If you are getting divorced, one of your main concerns can be how you will divide your physical assets and property. Often, this is one of the most contentious steps in a divorce, so it is wise to be prepared and understand how the process works.

One of the most important things to know is that Michigan is an equitable distribution state, which means that the division of assets should reflect what is fair or equitable. It is also crucial to understand that there are two types of property: marital and separate. In this post, we will look at what separate property is and what happens to it during a divorce.

What is separate property?

While marital property is property that a couple accumulates during a marriage, separate property belongs to just one person. The most common examples of separate property include:

  • Property owned by one person prior to getting married
  • Individual inheritances
  • Gifts
  • Assets collected or accumulated while cohabitating or after separation

What happens to separate property in a divorce?

Unlike marital property, which is eligible for division, separate property typically stays with the person who owns it.

However, there are exceptions. Michigan courts may distribute separate property if the non-owner spouse contributed to the acquisition or improvement of the asset, or if the non-owner spouse would be unable to support him or herself with a settlement that does not include the separate property.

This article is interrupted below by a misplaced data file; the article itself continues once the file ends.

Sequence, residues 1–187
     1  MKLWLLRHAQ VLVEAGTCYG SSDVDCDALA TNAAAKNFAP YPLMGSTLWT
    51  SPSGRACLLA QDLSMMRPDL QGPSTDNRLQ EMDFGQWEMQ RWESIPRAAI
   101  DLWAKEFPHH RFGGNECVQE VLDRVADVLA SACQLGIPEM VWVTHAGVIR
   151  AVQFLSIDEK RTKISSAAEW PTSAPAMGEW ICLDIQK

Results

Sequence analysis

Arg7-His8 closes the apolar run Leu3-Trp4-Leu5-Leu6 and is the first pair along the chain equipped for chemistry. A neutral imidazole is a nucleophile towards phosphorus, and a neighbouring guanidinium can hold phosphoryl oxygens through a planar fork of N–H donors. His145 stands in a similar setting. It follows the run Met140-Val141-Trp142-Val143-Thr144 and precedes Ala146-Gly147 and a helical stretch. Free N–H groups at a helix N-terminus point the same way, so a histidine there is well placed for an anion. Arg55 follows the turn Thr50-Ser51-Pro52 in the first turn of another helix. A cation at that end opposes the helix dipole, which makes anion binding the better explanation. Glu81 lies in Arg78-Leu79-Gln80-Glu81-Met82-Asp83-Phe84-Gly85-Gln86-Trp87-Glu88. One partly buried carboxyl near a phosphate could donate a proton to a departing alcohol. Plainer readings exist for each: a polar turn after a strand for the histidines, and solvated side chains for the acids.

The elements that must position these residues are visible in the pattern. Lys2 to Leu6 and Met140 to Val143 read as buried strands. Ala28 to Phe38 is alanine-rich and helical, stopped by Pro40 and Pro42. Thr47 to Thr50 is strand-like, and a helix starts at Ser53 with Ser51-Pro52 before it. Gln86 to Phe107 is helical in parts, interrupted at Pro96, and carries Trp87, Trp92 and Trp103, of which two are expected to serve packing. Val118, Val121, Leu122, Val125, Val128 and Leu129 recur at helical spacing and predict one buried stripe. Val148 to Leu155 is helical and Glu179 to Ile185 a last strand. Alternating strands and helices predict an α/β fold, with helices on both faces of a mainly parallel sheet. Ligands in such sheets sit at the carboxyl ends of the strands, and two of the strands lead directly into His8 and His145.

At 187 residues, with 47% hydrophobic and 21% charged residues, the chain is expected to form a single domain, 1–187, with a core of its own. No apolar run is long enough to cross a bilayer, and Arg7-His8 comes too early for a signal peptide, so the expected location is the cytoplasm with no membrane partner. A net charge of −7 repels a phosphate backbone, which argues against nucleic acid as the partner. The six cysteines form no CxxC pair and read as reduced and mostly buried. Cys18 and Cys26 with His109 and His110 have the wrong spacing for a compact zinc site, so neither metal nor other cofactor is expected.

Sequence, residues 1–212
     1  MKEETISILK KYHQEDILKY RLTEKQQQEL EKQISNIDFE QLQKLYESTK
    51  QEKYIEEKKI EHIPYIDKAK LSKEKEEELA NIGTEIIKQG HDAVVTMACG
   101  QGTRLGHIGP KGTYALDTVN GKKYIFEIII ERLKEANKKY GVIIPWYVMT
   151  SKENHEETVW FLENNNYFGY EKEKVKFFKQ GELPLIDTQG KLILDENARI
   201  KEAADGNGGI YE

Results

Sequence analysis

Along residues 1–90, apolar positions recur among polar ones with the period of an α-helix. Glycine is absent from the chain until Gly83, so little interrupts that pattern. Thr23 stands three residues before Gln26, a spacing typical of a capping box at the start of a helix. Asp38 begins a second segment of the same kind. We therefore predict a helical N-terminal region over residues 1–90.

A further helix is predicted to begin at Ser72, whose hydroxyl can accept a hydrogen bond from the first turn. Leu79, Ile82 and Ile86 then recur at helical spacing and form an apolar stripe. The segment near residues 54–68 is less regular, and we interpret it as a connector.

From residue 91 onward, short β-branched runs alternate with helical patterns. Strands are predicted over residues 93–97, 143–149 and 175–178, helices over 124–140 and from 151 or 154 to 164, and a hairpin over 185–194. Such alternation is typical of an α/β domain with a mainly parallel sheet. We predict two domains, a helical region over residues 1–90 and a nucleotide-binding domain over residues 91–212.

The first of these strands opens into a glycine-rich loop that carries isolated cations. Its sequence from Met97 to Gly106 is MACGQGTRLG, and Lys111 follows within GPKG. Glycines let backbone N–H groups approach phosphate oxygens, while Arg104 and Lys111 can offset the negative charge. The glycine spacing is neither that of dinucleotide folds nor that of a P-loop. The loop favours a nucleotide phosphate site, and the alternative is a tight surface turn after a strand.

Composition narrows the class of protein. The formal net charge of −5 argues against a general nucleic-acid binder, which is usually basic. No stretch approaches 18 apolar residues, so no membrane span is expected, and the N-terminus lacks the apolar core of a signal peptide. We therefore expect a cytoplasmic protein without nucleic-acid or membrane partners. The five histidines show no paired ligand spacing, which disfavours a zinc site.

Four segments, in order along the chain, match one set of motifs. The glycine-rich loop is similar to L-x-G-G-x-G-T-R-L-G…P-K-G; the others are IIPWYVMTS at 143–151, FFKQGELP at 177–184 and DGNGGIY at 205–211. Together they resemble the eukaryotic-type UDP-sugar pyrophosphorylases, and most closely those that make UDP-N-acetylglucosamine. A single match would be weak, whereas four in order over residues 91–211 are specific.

Other complications can arise if separate property becomes marital property or if an asset contains both separate and marital elements.

How to protect separate property

To protect separate property from division, you might create a prenuptial or postnuptial agreement that identifies the separate property and dictates what will happen to it in the event of a divorce. You can also work with your attorney to protect it during the divorce process through negotiations and challenging claims that it is marital property.

Dividing property can be an emotional and combative process. Issues related to shielding separate property from division often only add to the complexities of the situation. However, when you understand your rights and have the support of an experience legal representative, you can work to pursue the settlement you deserve.